The Roads to Freedom

by Jean-Paul Sartre

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The Novels

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The Roads to Freedom begins in June, 1938, with the first volume The Age of Reason. As the novel opens, Mathieu Delarue is visiting his longtime mistress, Marcelle Duffet. Because their affair has been going on for seven years, Mathieu has tired of Marcelle, but he continues to see her regularly, four times each week. Tonight, however, the routine changes, for Marcelle tells her lover that she is carrying his child. Without asking about her feelings and wishes, Mathieu immediately declares, “Well, I suppose one gets rid of it, eh?”

Because Mathieu wants Marcelle’s abortion to be as safe as possible, he consults Sarah Gomez, who had ended a pregnancy some years earlier. Sarah gives him the address of a reliable but expensive doctor who will be leaving Paris for the United States in a few days. Mathieu must therefore quickly find four thousand francs. He goes first to his friend Daniel Sereno, who claims that he does not have that much money (though in fact, he has ten thousand francs in his wallet). Mathieu next turns to his brother but is again rebuffed. Jacques, too, has the money, but he disapproves of his brother’s bohemian life. If Mathieu will marry Marcelle, his brother will give him ten thousand francs, but Jacques refuses to pay for an abortion.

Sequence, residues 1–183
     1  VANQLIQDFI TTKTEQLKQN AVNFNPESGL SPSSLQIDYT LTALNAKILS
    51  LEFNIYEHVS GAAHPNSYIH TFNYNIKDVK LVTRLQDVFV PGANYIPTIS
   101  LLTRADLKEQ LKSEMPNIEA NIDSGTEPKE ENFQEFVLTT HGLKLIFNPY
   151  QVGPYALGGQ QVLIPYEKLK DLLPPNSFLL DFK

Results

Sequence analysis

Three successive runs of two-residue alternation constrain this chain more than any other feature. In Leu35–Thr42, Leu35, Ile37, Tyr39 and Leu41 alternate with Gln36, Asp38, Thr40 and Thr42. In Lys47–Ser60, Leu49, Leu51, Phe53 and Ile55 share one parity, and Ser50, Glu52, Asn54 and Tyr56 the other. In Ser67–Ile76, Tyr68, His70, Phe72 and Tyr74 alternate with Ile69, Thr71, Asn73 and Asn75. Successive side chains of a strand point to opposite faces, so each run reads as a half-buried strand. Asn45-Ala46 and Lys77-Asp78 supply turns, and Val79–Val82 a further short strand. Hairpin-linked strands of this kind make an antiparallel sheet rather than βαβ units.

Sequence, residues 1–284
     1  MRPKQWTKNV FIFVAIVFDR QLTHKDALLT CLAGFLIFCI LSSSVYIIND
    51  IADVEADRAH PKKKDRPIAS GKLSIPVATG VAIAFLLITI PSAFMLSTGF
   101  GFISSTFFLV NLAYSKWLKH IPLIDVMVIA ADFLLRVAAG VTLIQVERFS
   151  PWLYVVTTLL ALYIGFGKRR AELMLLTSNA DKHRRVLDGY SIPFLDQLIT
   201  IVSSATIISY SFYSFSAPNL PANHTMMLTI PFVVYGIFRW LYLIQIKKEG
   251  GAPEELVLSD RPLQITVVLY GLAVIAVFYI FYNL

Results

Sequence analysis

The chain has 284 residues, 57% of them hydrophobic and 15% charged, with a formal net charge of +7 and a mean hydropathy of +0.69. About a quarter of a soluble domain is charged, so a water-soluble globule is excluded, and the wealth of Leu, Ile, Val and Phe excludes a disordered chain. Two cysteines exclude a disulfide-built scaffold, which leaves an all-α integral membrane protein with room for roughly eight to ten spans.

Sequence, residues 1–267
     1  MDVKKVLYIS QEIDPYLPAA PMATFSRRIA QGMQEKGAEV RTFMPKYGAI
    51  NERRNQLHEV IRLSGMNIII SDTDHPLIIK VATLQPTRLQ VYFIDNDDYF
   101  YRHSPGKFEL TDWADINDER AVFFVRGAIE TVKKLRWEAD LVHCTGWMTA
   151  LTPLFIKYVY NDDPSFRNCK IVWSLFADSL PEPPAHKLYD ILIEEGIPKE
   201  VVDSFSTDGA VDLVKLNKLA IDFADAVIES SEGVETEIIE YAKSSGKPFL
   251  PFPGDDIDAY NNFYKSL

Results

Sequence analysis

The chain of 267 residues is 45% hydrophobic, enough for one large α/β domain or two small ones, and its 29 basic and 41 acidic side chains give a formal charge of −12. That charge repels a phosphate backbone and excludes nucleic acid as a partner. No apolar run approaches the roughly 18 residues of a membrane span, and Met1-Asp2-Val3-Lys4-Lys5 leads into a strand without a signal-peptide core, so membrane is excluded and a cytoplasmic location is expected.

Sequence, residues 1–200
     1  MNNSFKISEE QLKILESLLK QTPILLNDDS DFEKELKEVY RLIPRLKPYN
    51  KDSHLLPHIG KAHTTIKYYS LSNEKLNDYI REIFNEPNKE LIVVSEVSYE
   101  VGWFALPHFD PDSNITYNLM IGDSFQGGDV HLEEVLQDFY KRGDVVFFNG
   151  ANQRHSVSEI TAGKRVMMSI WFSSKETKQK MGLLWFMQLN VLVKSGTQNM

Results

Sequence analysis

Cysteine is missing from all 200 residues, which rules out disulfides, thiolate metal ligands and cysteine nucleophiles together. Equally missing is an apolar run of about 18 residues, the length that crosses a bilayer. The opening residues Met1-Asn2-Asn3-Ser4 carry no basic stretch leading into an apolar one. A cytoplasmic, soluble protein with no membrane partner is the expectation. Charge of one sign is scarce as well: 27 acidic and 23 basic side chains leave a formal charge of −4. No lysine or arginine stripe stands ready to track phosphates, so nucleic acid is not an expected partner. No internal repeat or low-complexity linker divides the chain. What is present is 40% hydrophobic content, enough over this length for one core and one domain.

Boris Serguine, Mathieu’s student and admirer, is more sympathetic. Though he lacks such a sum himself, he knows that his mistress, Lola Montero, keeps seven thousand francs in her room. To his surprise, though, when he asks her for five thousand francs, she refuses him. The ensuing argument so distresses her that she takes an overdose of cocaine. Boris wakes up the next morning to find her cold and pale; thinking that she is dead, he flees the apartment.

Shortly afterward, he meets Mathieu and begs him to return to Lola’s room and remove some letters, lest Boris be implicated in Lola’s death. Mathieu agrees, and, at the same time that he takes the incriminating packet, he considers stealing the money which he needs. While he hesitates, Lola revives. He still has the key to her trunk, though, and later that day, with more resolution, he does take five thousand francs.